Earth from Space: A gush of volcanic gas
This image shows the huge plume of sulphur dioxide that spewed from Chile’s Puyehue-Cordón Caulle Volcanic Complex, which lies in the Andes about 600 km south of Santiago.
After lying dormant for more than 50 years, a series of rumbling earthquakes signalled the beginnings of this major volcanic eruption. On 4 June, a fissure opened, sending a towering plume of volcanic ash and gas over 10 km high.
Several thousand people were evacuated as a thick layer of ash and pumice fell and blanketed a wide area. Airports in Chile and Argentina were closed as a result.
The image was generated on 6 June using data from the Infrared Atmospheric Sounding Interferometer on Eumetsat’s MetOp-A satellite. As the eruption continued, the image shows how strong winds initially swept the broad plume of sulphur dioxide northwards and then eastwards across Argentina and out over the southern Atlantic Ocean.
Strong westerly winds are common in this region because it lies within the belt of the ‘Roaring Forties’. Since there is little land south of 40º, higher wind speeds can develop than at the same latitudes in the Northern Hemisphere.
Interestingly, over the South Atlantic, the plume take a sharp turn to the north as a pressure system causes the wind to change direction.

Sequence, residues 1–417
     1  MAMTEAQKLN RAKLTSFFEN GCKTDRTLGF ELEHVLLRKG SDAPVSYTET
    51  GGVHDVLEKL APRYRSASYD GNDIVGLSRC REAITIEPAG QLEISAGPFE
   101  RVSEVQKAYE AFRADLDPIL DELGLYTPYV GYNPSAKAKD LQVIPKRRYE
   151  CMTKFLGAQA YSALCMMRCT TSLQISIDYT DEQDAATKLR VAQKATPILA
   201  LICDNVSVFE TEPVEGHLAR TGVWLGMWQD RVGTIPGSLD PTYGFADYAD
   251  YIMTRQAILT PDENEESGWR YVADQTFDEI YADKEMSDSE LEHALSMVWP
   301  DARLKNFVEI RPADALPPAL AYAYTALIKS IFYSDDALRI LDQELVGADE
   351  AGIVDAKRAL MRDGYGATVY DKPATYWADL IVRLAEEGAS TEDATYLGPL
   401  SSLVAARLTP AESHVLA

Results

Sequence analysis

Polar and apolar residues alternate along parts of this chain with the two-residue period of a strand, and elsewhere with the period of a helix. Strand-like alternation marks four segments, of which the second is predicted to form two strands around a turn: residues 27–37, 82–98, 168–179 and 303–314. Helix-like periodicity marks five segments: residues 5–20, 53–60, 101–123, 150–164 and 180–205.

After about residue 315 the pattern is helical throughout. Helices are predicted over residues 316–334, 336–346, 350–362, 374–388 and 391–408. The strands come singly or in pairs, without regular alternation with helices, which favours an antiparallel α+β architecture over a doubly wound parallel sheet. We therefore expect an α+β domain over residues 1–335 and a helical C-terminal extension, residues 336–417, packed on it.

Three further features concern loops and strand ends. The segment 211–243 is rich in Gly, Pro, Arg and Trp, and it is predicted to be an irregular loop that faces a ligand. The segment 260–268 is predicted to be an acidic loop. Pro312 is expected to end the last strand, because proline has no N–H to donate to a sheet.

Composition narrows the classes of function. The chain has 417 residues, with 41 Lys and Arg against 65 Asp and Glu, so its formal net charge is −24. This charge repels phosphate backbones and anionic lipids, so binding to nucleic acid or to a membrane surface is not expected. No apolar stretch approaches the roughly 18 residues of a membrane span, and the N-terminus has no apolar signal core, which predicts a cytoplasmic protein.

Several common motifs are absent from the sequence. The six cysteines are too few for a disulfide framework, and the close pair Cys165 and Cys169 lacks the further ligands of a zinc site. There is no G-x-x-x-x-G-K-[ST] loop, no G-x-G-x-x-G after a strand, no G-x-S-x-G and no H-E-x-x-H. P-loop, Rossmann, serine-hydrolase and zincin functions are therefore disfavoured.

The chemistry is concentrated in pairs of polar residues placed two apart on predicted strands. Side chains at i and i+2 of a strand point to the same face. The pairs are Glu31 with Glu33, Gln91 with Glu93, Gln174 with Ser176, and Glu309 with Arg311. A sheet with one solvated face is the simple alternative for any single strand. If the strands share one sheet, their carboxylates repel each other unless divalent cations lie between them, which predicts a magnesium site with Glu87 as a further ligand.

The Puyehue-Cordón Caulle complex is a chain of volcanoes that includes the Puyehue volcano, the Cordilera Nevada caldera and the Cordón Caulle rift zone. This event appears to have stemmed from the rift zone and is the most serious since the eruption of 1960, also from the same vent.
Chile has more than 3000 volcanoes, of which around 80 are currently active.
The image represents sulphur dioxide concentrations within the full vertical column of atmosphere. It was generated using data from the interferometer, which was developed by the French space agency CNES for MetOp-A.
The MetOp programme was jointly established by ESA and Eumetsat and forms the space segment of Eumetsat’s Polar System.